Editorial: SOAR Homeroom: Too much of a (potentially good) thing

Apathetic teachers, standardized presentations and awkward interactions. That’s what students say their homeroom periods are like. By most accounts, homeroom has been largely ineffective at achieving its intended purpose: building community.

In each homeroom period, students grouped together by alphabetical order are assigned to two teachers who often don’t know each other. Teachers follow a standardized slide deck with mandatory items such as HawkTV, fire drills and surveys, followed by suggested activities that range from coloring to icebreakers. 

Homeroom is a great time to run through these mandatory items because they don’t eat up class time. But the community-building activities are forced and unengaging, especially when homeroom only happens two times a month now. For many students, homeroom isn’t seen as a “real” period; they goof off and catch up with their friends and play technology hide-and-seek with teachers. Community-building cannot be built in such an inauthentic way. 

Instead, it is the opinion of this editorial board that the solution lies in giving students and teachers more agency in their homerooms. Students should be given unstructured time after mandatory items and choose how they spend it within the classroom: study hall, catching up with friends they don’t normally see, or even organizing class activities themselves. Teachers can interact with students without the burden of an artificial icebreaker. The homerooms that have created the most natural, enjoyable communities also have teachers who deliberately deviate from the slide decks.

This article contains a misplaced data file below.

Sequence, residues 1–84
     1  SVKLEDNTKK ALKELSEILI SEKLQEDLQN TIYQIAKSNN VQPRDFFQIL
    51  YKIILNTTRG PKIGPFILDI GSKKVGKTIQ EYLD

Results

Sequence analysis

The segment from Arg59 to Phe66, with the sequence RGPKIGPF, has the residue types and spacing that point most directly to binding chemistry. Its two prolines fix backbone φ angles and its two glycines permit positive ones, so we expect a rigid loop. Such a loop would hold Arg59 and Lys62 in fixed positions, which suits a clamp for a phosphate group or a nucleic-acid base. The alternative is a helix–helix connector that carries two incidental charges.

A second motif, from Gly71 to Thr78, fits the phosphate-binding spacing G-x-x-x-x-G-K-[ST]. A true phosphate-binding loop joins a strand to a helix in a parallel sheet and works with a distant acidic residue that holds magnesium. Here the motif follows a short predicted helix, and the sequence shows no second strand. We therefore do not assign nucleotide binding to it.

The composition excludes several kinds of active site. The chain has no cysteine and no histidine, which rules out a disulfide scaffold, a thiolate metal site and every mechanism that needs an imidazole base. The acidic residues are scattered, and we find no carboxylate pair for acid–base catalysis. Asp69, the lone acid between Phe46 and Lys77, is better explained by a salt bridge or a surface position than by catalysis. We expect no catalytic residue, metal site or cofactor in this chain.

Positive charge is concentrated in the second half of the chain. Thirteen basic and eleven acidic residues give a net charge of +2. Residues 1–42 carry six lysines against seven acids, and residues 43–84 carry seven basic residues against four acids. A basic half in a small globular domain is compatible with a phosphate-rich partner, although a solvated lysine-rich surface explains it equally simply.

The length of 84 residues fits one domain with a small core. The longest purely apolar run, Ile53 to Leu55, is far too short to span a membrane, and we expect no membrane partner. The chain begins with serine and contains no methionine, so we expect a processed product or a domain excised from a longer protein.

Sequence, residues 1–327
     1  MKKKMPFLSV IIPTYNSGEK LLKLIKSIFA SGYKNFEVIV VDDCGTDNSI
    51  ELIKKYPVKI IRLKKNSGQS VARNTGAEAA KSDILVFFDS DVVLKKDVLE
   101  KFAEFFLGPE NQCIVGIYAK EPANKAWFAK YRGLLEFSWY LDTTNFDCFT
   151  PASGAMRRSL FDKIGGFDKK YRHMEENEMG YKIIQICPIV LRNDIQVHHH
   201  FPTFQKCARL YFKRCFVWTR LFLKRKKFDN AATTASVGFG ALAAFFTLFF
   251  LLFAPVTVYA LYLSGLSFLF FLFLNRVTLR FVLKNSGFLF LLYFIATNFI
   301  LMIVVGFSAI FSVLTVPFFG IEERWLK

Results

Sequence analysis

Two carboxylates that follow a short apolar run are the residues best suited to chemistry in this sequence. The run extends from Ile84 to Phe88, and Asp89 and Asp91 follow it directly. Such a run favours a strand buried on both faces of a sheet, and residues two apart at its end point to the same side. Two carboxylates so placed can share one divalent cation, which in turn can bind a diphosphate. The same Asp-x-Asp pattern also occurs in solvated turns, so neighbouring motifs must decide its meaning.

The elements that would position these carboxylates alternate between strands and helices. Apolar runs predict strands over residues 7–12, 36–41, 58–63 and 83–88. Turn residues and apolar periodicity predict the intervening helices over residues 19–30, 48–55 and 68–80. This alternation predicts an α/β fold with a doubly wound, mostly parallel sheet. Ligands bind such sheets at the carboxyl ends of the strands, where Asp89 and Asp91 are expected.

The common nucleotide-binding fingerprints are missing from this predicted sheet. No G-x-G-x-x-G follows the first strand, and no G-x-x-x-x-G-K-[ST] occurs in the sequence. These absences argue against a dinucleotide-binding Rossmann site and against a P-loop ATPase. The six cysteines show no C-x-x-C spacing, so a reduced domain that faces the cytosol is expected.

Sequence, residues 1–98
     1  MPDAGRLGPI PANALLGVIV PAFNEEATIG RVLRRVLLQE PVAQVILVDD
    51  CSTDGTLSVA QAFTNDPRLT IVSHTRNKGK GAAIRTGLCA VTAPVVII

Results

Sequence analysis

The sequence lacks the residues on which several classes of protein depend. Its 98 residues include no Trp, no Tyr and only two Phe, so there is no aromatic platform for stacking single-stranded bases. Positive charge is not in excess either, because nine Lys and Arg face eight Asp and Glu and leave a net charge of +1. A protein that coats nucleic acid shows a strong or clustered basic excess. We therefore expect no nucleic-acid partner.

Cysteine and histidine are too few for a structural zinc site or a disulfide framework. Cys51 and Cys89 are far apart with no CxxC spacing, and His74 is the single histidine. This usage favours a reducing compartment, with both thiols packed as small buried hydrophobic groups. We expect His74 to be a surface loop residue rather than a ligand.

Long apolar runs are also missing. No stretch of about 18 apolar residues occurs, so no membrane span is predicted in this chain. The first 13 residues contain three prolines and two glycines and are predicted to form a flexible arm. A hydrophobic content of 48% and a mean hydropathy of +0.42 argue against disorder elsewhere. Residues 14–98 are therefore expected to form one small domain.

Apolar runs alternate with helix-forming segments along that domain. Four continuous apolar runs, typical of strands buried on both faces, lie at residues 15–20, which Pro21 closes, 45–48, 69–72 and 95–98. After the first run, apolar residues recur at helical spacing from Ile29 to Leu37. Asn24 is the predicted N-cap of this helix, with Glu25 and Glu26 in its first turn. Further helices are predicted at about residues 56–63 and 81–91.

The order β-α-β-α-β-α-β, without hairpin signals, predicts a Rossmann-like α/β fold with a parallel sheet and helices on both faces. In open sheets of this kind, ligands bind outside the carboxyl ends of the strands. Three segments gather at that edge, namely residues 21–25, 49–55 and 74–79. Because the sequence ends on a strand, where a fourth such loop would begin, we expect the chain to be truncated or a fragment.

In the past, District 204 high schools have implemented an “Advisory” period every Wednesday where students are free to choose how they spend that time within the building: there are nap and meditation rooms, academic support, study halls and places for students to lay low. This unstructured time has no signup; it is a free-flowing system that emphasizes student well-being. While an “Advisory” period every Wednesday may not fit Central’s homeroom-support system, these principles of flexibility and mental health can. Students’ needs often evolve minute by minute, and sometimes, deciding two to three days ahead of time what we’ll need is not realistic. 

Another core issue is that teachers and students have no choice in who they’re with. Staff and students with no previous connection are shoved in the same room and expected to bond. Just as they need the freedom to choose how to develop relationships, students need the freedom to choose who to spend their time with. 

Homeroom doesn’t need to be an arbitrary alphabetical split — it could be interest based. Debate could get a homeroom. The bike club could get a homeroom. The football team could get a homeroom (or several, if they didn’t fit in just one). By doing so, students would have a reason to bond with each other and build real communities.

School spirit has been an ongoing issue and we’re thankful that our school administration has taken note and intends for SOAR to help with community-building. But, the over-standardization and lack of staff-and-student agency are mitigating its potential benefits. If these issues of inflexibility and inauthenticity can be solved, students could look forward to a more engaged and stronger school community.

Students should be given the opportunity to demonstrate they can do what’s best for them. An unstructured time might prove to be less of a logistical nightmare while also helping the well-being of students. Considering how busy many students are, couldn’t a bit of downtime go a long way?